CMU's new prexy vows changes, no more bloodshed

MUSUAN, Maramag, Bukidnon (MindaNews/30 Dec) — Central Mindanao University’s new president, Dr. Ma. Luisa Soliven, knew that the position she officially assumes on January 1, 2011 is controversial and dreaded.

But the first woman president of the 9,000-student university said she finds courage in the support given by the CMU stakeholders who put her in the position.

The first memorandum she will issue is the creation of two committees that will initiate changes in CMU: the changing of the university code to upgrade on the curricula and the restructuring of the university organizational structure. She said new positions have to be created and redundant ones be removed.

She said the university is among the Top 5 in the country despite its limitations.

“But we lacked a lot and we need to catch up,” she said. She said they take pride in their well-trained faculty despite problems with equipment and facilities.

In the College of Agriculture, for example, which is one of the flagship programs, 34 of the 66 faculty members have PhD degrees. She said the national government is pressuring state universities to maximize use of their assets alongside what she said as the “deteriorating” national budget allocations for state colleges and universities.

Soliven admitted, however, that one of her biggest tasks is to face the pending land issues CMU is involved in, including the 670 hectares of land which President Gloria Macapagal-Arroyo issued to a Manobo-Talaandig tribe in 2003 as part of their ancestral domain but within the university’s more than 3,000-hectare title property.

She said they cannot maximize raising locally generated funds for capital outlay because of the land dispute.

The Supreme Court, in an en banc decision, ruled that Ms Arroyo erred in issuing Presidential Proclamation 310 which granted 670 hectares of land taken from CMU as part of the ancestral domain being claimed by the tribe.

During the public forum in the selection process for CMU president, Soliven, then the vice president for academic affairs, vowed to “abide by the rule law” in addressing the land dispute.

The group of Bae Alma Binayao has filed a motion for reconsideration at the Supreme Court to contest its ruling.

In October, Binayao told MindaNews they will contest the decision and were “ready to return to the picket lines” if necessary.

Soliven said she might have vowed to abide by the law but she also cannot opt for radical positions like evicting the residents she labeled as squatters from their current positions.

“I do not want us to resort to bloodshed. There has been like that before and it did not work,” she said.

Soliven said she will conduct a massive consultation on how to address the problem but she is inclined to go for peaceful and gradual resolution to the problem.

In a decision penned by Justice Roberto A. Abad and dated Sept. 21, the SC ruled that PP 310, which awarded a portion of Central Mindanao University’s 3,410 hectares to the tribe, is unconstitutional since the university’s lands were not inalienable public lands.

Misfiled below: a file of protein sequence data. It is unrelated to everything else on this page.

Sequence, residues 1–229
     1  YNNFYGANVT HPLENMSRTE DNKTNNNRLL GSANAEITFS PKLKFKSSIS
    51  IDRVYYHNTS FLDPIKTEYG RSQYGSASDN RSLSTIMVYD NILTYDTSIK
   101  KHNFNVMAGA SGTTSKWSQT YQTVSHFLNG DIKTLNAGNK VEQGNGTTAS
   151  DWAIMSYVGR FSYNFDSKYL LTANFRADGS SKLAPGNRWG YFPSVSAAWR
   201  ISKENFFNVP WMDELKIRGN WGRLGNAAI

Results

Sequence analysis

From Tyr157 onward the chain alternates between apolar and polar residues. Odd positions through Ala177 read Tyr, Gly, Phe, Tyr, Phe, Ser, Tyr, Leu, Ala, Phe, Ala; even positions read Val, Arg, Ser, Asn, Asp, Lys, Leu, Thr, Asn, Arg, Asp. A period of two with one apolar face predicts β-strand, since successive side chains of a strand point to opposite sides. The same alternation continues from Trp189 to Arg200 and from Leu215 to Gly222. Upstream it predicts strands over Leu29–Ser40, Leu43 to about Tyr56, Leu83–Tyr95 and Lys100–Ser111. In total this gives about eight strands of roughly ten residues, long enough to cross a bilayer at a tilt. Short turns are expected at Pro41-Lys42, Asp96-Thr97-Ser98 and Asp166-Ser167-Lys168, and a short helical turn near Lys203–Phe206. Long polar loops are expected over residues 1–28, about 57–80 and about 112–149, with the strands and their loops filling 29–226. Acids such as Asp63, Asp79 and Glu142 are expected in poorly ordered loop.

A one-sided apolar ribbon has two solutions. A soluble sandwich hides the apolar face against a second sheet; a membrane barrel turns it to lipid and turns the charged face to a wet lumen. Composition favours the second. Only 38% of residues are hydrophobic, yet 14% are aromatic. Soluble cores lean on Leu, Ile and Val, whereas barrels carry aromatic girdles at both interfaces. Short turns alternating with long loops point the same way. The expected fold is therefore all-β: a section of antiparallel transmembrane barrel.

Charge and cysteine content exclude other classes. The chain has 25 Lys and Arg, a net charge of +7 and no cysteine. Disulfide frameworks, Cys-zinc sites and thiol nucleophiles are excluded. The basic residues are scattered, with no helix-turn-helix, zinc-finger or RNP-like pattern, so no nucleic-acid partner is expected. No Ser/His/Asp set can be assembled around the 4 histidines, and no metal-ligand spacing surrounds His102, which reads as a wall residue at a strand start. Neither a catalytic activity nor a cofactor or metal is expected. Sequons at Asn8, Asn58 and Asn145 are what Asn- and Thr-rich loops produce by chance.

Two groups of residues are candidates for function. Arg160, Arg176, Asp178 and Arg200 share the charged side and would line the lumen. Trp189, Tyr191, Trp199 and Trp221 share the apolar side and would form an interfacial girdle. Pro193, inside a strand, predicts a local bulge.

Arroyo issued the proclamation on January 7, 2003 upon the recommendation of Task Force 63, a body formed to fast-track executive action on ancestral domain claims in areas where violence was likely to erupt between the contending parties.

The Court held that when President Carlos P. Garcia dedicated the lands for CMU’s use in scientific and technological research in the field of agriculture in 1958, the announcement said, the lands have since become inalienable.

Garcia issued PP 476 in 1958 delineating CMU’s property in Musuan, Maramag, Bukidnon.

The late CMU president Mardonio Lao questioned Arroyo’s proclamation before the Regional Trial Court and later at the Court of Appeals.

CMU pursued the case up to the Supreme Court even after Lao’s death in August 2008. He died of complications caused by a liver disease.

Lao vowed not to allow the claimants to come in pending court decision on CMU’s petition.

He said the petition did not intend to defy Arroyo but to exhaust legal means in protecting the university’s titled property.

The SC used the decision in CMU v. Department of Agrarian Reform Adjudication Board (DARAB), where CMU questioned DARAB’s order segregating 400 hectares of CMU lands for distribution to farmer-beneficiaries.

“I do not want to do a Dr. Lao,” she said. Her predecessor, who died before his term ended in 2008, reportedly strictly implemented the law, causing evictions and confrontations with the parties to the land dispute.

His administration was marked with reports of harassments against farmers and Lumads who occupied the disputed lands, including reports of alleged killings.

“We do not want something like that,” Soliven said, although she admitted that many of the reports that came out of the media were one-sided.

She said she will coordinate with the provincial government of Bukidnon in approaching the problem as it involves the problems of its constituents.

Soliven vowed to find ways so the occupants can have livelihood and so they can live in the boundaries of the property.

She also vowed not to push for tuition fee increases “unless necessary” in the upkeep of quality education.

“Quality education is a shared responsibility. We cannot just solely rely on government,” Soliven stressed.

In June 2011, CMU will increase its tuition fee for freshmen enrollees from P90 to P150 per unit.

To those who did not support her candidacy, Soliven said she will treat them equally and will not keep grudges.

“As long as they do their work, it is easy to move on,” she added. Soliven said another important thing to do first is to practice transparency in the university’s transactions.

“I have to prepare for those who will be hit by the changes,” she said. (Walter I. Balane / MindaNews)